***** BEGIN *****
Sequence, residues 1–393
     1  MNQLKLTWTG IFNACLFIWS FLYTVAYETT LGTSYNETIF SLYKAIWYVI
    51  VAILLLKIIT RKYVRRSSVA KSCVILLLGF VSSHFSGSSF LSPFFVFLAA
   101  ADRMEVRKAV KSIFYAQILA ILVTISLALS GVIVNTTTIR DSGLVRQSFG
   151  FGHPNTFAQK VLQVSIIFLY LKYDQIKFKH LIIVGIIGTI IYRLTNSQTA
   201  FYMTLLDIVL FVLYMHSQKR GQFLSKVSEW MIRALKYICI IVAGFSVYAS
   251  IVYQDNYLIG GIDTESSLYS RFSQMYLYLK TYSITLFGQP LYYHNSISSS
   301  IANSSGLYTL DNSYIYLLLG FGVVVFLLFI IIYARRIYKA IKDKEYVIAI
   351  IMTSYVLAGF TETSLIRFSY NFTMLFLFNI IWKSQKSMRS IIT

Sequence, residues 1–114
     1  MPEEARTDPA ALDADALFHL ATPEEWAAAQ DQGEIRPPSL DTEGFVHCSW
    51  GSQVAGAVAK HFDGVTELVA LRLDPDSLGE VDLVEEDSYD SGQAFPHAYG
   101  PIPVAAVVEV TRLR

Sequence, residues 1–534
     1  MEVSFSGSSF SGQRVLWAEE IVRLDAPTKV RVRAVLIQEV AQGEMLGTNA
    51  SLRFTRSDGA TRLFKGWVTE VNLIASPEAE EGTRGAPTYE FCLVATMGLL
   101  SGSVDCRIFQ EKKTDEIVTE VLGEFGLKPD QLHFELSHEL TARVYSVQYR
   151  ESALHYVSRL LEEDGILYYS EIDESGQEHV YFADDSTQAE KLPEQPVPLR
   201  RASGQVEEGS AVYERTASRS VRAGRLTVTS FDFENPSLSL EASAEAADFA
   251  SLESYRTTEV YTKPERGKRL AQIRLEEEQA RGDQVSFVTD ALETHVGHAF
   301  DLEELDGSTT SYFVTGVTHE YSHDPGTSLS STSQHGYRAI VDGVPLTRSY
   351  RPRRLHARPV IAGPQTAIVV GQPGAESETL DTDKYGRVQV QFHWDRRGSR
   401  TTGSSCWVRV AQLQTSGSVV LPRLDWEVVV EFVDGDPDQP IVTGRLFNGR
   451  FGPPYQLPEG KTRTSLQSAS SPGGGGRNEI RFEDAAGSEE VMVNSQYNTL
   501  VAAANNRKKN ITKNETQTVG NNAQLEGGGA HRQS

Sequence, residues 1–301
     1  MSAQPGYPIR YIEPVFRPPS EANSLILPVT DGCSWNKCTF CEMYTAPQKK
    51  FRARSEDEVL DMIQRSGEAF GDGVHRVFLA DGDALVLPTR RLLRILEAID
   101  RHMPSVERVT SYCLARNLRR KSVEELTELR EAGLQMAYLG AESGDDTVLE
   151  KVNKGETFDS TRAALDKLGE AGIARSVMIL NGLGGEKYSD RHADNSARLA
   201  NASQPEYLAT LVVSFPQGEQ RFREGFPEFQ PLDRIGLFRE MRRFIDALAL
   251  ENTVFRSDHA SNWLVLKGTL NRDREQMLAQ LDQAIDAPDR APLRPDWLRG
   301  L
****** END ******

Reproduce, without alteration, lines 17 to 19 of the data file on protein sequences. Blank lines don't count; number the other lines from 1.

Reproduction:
   101  SGSVDCRIFQ EKKTDEIVTE VLGEFGLKPD QLHFELSHEL TARVYSVQYR
   151  ESALHYVSRL LEEDGILYYS EIDESGQEHV YFADDSTQAE KLPEQPVPLR
   201  RASGQVEEGS AVYERTASRS VRAGRLTVTS FDFENPSLSL EASAEAADFA